However, the second issue that the Rav has to address is the Chasam Sofer’s view. If the issur of chalav akum is a davar shebi-minyan, then Jewish supervision will be required regardless of the probability of tamei milk being present. To allay this concern, Rav Moshe invokes the principle of anan sahadi. This Talmudic concept provides that, under certain limited circumstances, knowledge of an event is comparable to witnessing the event itself. In the case of milk production, since we all know that the government is supervising the production of milk, and since those producing the milk know they are being watched, and since the consumers know that the producers are being watched, then it is as if we are actually witnessing the milking ourselves. Rav Moshe writes that even the Chasam Sofer would accept this reasoning. Although such is Rav Moshe’s psak, he concludes that a ba’al nefesh should be strict and not rely upon federal supervision.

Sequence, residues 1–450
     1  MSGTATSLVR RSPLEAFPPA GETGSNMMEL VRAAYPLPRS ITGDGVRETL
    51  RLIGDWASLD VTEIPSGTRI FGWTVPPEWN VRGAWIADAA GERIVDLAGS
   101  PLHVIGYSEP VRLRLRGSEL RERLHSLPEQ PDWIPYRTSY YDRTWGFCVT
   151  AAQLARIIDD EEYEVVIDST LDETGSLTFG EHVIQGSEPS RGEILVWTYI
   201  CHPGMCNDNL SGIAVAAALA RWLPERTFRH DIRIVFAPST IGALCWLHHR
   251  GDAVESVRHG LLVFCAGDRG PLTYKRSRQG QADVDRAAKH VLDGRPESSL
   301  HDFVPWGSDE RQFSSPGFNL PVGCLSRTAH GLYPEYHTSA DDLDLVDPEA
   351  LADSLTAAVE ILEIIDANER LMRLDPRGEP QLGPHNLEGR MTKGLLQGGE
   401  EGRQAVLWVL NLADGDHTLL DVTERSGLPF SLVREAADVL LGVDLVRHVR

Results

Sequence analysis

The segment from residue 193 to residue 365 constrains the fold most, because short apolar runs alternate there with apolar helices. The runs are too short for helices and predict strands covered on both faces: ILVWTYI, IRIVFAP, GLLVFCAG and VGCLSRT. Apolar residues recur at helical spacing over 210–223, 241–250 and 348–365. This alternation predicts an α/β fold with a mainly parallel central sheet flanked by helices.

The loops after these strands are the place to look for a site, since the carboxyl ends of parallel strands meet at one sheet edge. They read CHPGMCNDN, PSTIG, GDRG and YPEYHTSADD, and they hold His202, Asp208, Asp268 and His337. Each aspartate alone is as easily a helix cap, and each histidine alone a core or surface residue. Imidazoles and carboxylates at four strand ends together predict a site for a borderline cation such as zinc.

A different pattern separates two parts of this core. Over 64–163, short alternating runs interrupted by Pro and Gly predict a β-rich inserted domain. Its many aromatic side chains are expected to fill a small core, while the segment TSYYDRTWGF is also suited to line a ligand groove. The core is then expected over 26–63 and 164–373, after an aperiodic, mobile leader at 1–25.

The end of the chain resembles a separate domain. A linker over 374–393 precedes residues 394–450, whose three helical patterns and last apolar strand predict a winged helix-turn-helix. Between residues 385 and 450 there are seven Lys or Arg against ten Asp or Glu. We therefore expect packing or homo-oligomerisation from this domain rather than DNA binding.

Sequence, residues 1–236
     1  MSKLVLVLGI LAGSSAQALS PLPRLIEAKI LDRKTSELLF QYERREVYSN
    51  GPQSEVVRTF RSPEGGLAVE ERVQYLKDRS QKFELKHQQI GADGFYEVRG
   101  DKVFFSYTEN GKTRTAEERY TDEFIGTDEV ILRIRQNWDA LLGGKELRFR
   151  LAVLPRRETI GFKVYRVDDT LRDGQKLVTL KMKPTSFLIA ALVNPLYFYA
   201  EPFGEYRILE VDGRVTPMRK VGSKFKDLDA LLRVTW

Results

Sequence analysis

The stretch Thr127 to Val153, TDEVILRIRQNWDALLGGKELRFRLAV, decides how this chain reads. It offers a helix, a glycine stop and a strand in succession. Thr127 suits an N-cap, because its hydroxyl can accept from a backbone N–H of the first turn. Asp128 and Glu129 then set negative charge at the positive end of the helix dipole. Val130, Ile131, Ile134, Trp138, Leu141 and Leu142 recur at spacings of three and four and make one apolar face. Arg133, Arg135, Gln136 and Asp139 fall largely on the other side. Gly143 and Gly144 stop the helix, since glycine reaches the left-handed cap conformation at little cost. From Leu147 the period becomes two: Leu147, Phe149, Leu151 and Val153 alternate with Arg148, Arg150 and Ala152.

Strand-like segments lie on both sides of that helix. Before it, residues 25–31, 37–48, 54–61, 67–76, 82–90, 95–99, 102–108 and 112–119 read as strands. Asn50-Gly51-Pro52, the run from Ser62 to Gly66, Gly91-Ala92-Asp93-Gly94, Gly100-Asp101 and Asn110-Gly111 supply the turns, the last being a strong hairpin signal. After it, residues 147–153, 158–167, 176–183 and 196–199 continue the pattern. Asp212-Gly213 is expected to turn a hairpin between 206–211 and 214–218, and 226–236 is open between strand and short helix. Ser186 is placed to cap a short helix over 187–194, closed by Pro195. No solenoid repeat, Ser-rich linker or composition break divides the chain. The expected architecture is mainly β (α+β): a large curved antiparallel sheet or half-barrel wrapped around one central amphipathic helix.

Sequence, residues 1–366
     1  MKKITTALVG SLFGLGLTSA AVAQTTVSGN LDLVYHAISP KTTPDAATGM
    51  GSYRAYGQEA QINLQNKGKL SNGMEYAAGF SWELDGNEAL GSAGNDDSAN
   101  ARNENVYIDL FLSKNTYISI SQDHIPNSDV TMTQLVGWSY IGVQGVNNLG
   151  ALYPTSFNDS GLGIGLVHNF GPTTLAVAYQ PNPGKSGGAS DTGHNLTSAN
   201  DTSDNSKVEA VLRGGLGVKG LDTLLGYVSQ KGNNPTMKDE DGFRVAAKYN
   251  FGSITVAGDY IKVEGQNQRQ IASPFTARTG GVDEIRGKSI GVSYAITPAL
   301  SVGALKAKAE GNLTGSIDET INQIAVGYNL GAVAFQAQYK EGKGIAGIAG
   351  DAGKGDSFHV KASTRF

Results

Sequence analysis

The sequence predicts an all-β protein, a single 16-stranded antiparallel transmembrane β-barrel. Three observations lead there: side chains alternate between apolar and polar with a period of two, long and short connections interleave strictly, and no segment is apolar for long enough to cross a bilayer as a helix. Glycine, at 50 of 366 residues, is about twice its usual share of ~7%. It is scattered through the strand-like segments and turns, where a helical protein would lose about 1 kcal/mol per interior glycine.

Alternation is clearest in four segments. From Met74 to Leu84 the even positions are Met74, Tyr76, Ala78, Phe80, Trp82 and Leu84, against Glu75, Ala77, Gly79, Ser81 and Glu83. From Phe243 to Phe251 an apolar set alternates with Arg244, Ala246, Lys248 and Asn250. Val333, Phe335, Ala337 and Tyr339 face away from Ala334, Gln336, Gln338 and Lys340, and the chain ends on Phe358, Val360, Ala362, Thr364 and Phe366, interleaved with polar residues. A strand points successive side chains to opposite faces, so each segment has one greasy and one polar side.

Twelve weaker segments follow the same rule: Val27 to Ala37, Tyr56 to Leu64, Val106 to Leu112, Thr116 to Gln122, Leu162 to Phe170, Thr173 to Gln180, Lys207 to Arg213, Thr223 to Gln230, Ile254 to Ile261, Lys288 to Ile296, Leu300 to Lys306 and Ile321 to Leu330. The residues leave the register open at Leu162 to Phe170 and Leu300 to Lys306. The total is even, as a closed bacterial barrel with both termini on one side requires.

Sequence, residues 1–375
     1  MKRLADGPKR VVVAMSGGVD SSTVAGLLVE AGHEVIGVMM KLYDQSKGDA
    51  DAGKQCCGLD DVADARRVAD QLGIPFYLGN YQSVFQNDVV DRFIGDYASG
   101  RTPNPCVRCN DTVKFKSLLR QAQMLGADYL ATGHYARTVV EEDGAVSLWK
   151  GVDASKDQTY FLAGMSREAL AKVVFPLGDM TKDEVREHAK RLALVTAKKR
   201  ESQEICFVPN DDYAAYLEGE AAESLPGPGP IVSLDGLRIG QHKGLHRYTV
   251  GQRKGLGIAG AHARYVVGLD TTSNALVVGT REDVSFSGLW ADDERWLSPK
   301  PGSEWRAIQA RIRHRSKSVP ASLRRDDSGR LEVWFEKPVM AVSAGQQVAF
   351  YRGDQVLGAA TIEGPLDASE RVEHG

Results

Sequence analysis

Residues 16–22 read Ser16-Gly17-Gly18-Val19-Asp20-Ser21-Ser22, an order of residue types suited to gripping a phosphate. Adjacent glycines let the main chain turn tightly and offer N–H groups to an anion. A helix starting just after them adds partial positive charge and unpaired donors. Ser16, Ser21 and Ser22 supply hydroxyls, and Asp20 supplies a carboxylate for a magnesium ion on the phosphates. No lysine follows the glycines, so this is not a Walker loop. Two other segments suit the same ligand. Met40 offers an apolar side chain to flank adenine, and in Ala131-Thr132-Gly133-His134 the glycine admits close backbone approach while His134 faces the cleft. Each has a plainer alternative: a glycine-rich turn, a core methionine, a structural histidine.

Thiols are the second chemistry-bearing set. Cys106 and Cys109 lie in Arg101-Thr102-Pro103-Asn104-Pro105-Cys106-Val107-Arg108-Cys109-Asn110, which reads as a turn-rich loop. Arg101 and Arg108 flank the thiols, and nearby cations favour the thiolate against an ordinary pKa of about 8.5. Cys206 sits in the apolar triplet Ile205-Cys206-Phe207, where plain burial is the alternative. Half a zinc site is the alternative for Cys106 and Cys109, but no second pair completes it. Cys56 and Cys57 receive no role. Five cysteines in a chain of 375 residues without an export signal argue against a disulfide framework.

What emerges is that Rav Moshe is not giving a heter to exempt anyone from the requirement of chalav Yisroel. On the contrary, Rav Moshe is stating one must hold by chalav Yisroel. Rather, Rav Moshe is learning a kula that milk supervised by the government (chalav stam, as it is called) qualifies as chalav yisroel!

Accordingly, “Do you keep chalav Yisroel?” is really the wrong question in the United States. The right question is “Do you hold that USDA supervised milk is acceptable as chalav Yisroel?”

The Reaction to Rav Moshe’s Psak

To this teshuva there was substantial agreement either in whole or in principle from several very prominent American gadolim including Rav Yosef Henkin, Rav Yaakov Kamanetsky, and many others. Although Rav Moshe’s teshuva has had been widely accepted in the US and other countries with strict federal supervision, it does exhibit a potential vulnerability which has come under scrutiny.